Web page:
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My son Lewis and I took a walk in the woods on Easter Sunday, being properly thankful for the sunny day even tho it was a bit chilly in the mid-20's. I hadn't been up to the End Of Days Crag (home to the Drip In The Woods) this season. It's located between the far left side of Cathedral and the Bryce Path. It's a cool little place with some nice lines in the summer and the afore mentioned Drip in the winter.
As the season has gone on I've gotten kind of used to following the beat-out paths to the ice climbs but was not surprised to find that the deep snow in the woods is so packed down that you can walk on top of it almost everywhere without punching through. It's like neve, very firm and ice like. So much so that you have to be careful coming down hills. There is so much snow in the woods that I would be a bit surprised if it all is gone by the first of June and who knows when the mud will be gone. Not a good thing for all the mountain bike riders that I know.
A few days later he and I were riding home down West Side Road past First Bridge after picking him up from school. He looked over at Mt. Washington and observed that it looked like a big diamond. We pulled over at the pump-house so I could get a look and he was right. There was a very bright sheen to the mountain that I really hadn't noticed before. Then I realized that it was the layer of ice that had formed from melting of the snow in the warm spring sun. Even tho it's still cold up there, the sun is now so warm that it melts the snow and then it refreezes quickly. As a friend remarked that evening, it made the summit cone "bulletproof".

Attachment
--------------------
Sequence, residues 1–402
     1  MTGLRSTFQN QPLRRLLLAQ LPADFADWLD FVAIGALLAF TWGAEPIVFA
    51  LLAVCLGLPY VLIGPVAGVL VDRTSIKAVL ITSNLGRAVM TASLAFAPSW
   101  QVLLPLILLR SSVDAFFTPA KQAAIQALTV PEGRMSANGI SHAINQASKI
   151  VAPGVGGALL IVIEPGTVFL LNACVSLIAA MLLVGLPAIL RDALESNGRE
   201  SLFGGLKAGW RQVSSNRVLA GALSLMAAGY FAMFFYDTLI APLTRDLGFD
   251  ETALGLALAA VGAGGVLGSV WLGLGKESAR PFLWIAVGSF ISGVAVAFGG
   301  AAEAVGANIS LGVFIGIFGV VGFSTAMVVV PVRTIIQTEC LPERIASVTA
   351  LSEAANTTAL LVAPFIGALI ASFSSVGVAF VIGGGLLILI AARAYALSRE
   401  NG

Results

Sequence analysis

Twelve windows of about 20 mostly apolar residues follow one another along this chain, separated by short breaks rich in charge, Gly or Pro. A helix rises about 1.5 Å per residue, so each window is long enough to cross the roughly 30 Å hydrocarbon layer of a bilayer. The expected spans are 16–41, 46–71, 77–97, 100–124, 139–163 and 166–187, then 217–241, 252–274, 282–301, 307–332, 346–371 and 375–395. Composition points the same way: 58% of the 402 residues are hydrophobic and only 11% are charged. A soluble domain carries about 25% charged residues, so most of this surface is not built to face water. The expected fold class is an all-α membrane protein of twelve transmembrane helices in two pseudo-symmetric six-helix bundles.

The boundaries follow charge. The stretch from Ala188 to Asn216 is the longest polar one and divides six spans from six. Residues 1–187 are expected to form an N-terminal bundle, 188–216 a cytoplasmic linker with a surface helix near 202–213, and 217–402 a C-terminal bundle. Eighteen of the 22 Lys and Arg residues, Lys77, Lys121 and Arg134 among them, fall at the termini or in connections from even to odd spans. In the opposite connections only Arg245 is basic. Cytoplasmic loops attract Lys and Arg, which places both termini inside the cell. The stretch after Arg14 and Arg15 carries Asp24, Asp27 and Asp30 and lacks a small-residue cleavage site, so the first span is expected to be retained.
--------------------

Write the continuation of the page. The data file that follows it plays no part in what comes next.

We just keep transitioning between snow, mix, spring-like sunny weather, and clouds. It's really just one of "those" times where you simply cannot tell what things are going to be like from one day to the next. While it certainly makes life interesting, it's hard to figure out what to do on any given day. On Tuesday night it was snowing as I left the Wildcat Tavern in Jackson at midnight and it continued in the early morning on Wednesday. But by noon the clouds were gone, temps had risen into the mid-40's and what little we had gotten was melted. It actually reached 50 degrees at around 4 PM and was 45 at 9 PM! Here at Cathedral Ledge at noon on Thursday it's already 45 and it feels warmer than that if you are in the sun.
If you live in Portsmouth or south you probably aren't thinking about snow or ice at all since it's pretty much all gone. Some people are already thinking about when they can get on the rock up here, and I don't blame 'em. That said while we are close to some places being ready to climb rock, most are not there yet. If we continue this same pattern the South Buttress could be OK in the next couple of weeks, Humphrey's about the same and a few places on Cathedral will be OK as well. Just be sure to bring a piece of carpet to wipe your shoes before you start climbing since there is surely going to be snow at the bottom of every climb. The Whitehorse slabs is of course another story. The amount of snow & ice up at the top is significant and it's going to be a while before it's safe to climb below that stuff. Of course Rumney is always good to go, even in the dead of the winter.